Oklahoma eliminates licensing barriers for people with criminal records: Weekly regulatory news 
Oklahoma criminal justice reform weekly regulatory news
The Week in Brief is your weekly snapshot of regulatory news and what's happening in the world of professional licensing, government technology, and public policy. Oklahoma eliminates licensing barriers for people with criminal records, Louisiana Senate approves universal licensure recognition bill, and more in our latest Week in Brief.

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Louisiana Senate approves universal licensure recognition bill

The Louisiana Senate has approved legislation to recognize occupational licenses and work experience from other states. SB 453 requires boards to issue an occupational license to a person if they hold a current and valid license in another state with a similar scope of practice, as determined by the professional or occupational licensing board in Louisiana. The person must have held the license in another state for at least one year and must pass an examination or meet education, training, or experience standards. Those that apply must be in good standing, not have a disqualifying criminal record, and not have faced issues with negligence or intentional misconduct related to their work in the occupation. The Senate approved SB 483 with a vote of 37-0, with no questions or discussion. The bill now heads to the House for consideration. Read more from New Orleans City Business.

Oklahoma eliminates licensing barriers for people with criminal records

Oklahoma Gov. Kevin Stitt signed a bill into law that will make it easier for people with criminal records to become licensed in their chosen field. Building on reforms enacted in 2015 and 2019, SB 1691 bans boards from denying licenses based on convictions that happened more than five years ago (though this does not apply to violent or sexual offenses); prevents boards from using arrests that didn’t result in a conviction as well as sealed or expunged records; blocks boards from denying applicants based on vague and arbitrary “good character” requirements; and guarantees the right to appeal a denied license. With this new bill, which passed the state’s legislature almost unanimously, Oklahoma joins 37 other states that have removed licensing barriers for ex-offenders since 2015. Read more at Fox25 News.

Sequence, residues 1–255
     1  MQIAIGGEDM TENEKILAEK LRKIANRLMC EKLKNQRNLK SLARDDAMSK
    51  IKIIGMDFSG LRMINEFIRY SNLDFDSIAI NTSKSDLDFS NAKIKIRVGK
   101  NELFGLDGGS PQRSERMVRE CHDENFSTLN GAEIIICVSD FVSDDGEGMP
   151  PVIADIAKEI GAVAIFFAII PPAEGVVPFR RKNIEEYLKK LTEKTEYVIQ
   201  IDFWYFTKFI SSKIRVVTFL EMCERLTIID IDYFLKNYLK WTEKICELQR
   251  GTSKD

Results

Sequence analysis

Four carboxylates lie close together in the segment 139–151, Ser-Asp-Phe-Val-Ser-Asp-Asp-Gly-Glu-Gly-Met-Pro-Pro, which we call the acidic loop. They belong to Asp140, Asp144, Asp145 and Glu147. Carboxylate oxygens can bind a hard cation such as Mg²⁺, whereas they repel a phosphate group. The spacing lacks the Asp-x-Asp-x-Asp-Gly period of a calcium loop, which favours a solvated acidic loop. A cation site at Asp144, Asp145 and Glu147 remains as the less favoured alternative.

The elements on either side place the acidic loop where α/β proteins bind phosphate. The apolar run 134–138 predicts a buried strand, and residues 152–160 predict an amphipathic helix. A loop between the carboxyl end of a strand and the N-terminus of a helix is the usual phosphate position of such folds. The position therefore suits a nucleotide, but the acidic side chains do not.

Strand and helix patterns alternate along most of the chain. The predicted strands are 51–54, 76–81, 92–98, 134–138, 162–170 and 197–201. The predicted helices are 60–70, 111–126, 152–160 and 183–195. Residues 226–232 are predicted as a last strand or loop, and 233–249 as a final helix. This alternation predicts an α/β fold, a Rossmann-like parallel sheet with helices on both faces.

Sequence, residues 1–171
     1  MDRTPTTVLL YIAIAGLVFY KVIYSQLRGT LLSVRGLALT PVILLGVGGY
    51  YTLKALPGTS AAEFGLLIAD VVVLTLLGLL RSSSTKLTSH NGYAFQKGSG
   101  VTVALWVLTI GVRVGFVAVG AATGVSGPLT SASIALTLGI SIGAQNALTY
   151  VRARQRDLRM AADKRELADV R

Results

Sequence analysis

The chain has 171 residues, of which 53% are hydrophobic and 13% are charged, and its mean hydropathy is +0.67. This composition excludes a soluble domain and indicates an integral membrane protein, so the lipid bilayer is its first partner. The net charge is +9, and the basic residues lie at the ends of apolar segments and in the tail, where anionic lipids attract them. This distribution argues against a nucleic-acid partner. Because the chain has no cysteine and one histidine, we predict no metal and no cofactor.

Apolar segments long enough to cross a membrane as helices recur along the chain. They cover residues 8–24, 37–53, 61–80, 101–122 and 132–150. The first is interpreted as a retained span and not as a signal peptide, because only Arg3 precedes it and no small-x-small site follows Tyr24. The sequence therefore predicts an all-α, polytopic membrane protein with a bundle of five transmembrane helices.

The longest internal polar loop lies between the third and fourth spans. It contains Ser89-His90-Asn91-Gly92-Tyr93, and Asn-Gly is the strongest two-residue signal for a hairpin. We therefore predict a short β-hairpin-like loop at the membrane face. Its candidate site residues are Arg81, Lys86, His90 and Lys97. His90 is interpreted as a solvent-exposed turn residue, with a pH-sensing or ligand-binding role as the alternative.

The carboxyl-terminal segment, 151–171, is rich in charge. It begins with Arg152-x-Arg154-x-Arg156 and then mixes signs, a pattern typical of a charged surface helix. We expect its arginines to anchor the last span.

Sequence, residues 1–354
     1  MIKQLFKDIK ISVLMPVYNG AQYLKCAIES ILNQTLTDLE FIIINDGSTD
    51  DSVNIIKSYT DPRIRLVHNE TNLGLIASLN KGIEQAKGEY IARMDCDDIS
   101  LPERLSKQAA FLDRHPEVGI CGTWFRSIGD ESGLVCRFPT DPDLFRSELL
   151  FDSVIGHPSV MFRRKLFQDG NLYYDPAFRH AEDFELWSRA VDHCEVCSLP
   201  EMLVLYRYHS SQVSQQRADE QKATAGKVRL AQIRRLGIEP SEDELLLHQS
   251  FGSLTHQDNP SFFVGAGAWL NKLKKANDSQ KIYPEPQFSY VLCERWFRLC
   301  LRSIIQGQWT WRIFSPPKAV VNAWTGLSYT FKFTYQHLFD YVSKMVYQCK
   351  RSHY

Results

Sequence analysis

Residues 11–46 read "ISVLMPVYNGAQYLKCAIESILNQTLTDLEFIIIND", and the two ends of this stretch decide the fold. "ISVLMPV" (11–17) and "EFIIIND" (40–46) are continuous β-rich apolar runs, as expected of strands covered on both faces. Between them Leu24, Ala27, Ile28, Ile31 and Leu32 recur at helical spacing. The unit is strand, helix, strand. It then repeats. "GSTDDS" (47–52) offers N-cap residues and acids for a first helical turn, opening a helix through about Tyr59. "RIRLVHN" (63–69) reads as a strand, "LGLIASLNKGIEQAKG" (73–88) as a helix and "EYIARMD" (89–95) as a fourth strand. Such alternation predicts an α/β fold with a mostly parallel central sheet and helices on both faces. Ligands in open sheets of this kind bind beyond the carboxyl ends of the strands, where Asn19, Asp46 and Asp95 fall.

Oklahoma boosts funding for medical marijuana enforcement

Gov. Kevin Stitt recently signed two new bills into law that will increase funding for local enforcement of the medical marijuana industry, as well as target illicit sales of cannabis in Oklahoma. HB 3530 sets aside $5 million in annual grant funding for county sheriffs to dedicate a full-time deputy to assist with compliance visits conducted by the Oklahoma Medical Marijuana Authority. According to the bill’s authors, compliance inspectors were denied access 181 times between April 2021 and February of this year. SB 1367 cracks down on illegal sales of marijuana by increasing penalties for those who buy and then sell medical marijuana to someone without a patient license to $5,000 for the first offense and $15,000 for subsequent violations. Previously, administrative fines ranged between $200 and $400. Read more at The Oklahoman.